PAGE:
Upon admission to the ER at age 17, she was afebrile with heart rate of 87 beats/min and blood pressure of 122/99 mmHg. Her height was 149.3 cm (< 3rd percentile; WHO growth curves [10]) and her weight was 59.5 kg (P50-P75) with a body mass index of 26.69 kg/m2. Tanner stage was 5 (post-pubertal). Abdominal examination revealed mild tenderness on palpation but no rebound and no hepatomegaly. Her blood glucose level was 44.1 mmol/l without acidosis (pH – 7.376, pCO 2–39.8 mm of Hg, HCO 3–22.9 meq/l, base excess – 2.4 mmol/l), and urine ketones were 1.5 mmol/l (normal, < 0.3 mmol/l). There was mild hyperosmolar hyponatremia (Na - 130 mmol/l, osm − 316 mmol/kg H2O). Liver transaminases, lactate, blood cell count, kidney function tests were normal. Her HbA1c was 11%. Acute hyperglycemia with no signs of ketoacidosis was recognized as the cause of abdominal pain and nausea. Management included fluid replacement as a rate of 20 ml/kg/h for 2 h which lead to a fall in serum glucose from 41.1 mmol/l to 31 mmol/l. Subsequently, rapid acting subcutaneous insulin therapy at a dose of 0.13 U/kg (8 Unit) was given. When serum glucose reached 11.1 mmol/l, fluid replacement was stopped. A second insulin injection at a dose of 0.07 U/kg (4 Unit) was given 7 h later. During infusion and insulin therapy, lactate levels increased from 1.65 mmol/l prior to insulin administration to 6.02 mmol/l 125 min after the injection of insulin aspart (8 U, Fig. 2). Blood pH remained normal at 7.367 (Table 1). Following the next 12 h, lactate levels progressively decreased to 2.16 mmol/l (Fig.2). Urine ketones were repeated at this time with similar result as the day of admission (1.5 mmol/l). While we did not determine plasma ketones directly, the absence of acidosis and the low urinary ketones at admission and the day after, as well as the absence of clinical signs of DKA indicate that hyperlactatemia did not develop secondary to DKA. Abdominal ultrasonography and magnetic resonance imaging showed a normal liver parenchyma and liver size (15 cm to the midclavicular line).

Fig. 2
figure2

Evolution of plasma glucose (mmol/l) and plasma lactate (mmol/l) levels following injections of subcutaneous insulin aspart. SC: Subcutaneous

Table 1 Blood gasometric values, sodium chloride 0.9% and insulin aspart injection (sc) during hospital admission

As genetic variants at the KJCN11 and PHKG2 genes had been previously described in association with Mauriac syndrome [11, 12], an exome gene panel for glycogen storage diseases including AGL, GYS2, PHKA1, PHKA2, PHKB, PHKG2, PYGL and KCNJ11 was analyzed with next generation sequencing technology. No pathogenic variants were identified.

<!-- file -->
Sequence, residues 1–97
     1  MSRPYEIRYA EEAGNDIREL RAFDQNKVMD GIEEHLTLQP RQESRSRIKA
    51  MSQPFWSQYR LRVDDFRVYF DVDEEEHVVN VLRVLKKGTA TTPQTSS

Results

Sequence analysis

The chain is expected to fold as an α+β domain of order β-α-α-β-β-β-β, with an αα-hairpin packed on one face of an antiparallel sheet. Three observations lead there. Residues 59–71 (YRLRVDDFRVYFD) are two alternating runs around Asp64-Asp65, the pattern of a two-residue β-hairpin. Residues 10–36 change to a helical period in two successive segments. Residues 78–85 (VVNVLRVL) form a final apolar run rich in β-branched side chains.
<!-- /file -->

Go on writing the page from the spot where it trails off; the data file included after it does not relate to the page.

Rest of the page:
Discussion and conclusions

The key findings in this case are hyperglycemia in the absence of ketoacidosis and elevated lactate following insulin administration. This constellation has been observed in other individuals with the Mauriac syndrome and remains poorly understood [3, 4]. In view of its rarity, it seems unlikely that Mauriac syndrome be simply the result of poor diabetic control. Given that glycogenic hepatopathy, hyperlactatemia and hypoglycemia are hallmarks of the liver genetic glycogen storage diseases, a defect in glycogen metabolism has been suggested in Mauriac syndrome. In normal conditions, glucose entering the hepatocyte is phosphorylated to glucose 6-phosphate and can follow two main metabolic pathways, namely, glycogen synthesis and glycolysis. In glycogenic hepatopathy, chronic hepatic glycogen overload might impair the incorporation of available intracellular glucose to “new” glycogen and thus divert glucose to glycolysis. Pyruvate, the end product of glycolysis is converted to lactate when the Krebs cycle is saturated [4]. Correction of blood glucose by insulin would further divert glucose carbons into lactate, due to inhibition of glucose-6-phophatase [13]. The observation of an elevated lactate/pyruvate ratio in a patient with Mauriac syndrome is of interest, although, as the authors mention, other rare genetic causes such as a respiratory chain defect associated with primary mitochondrial diabetes should be kept in mind [2], especially when diabetes-related autoantibodies are negative. Furthermore, the patient had no risk factors for thiamine deficiency (i.e. unbalanced diet, recurrent vomiting, or previous gastrointestinal surgery) that can cause unexplained elevated lactate, given that thiamine is a cofactor for the enzyme pyruvate dehydrogenase [14].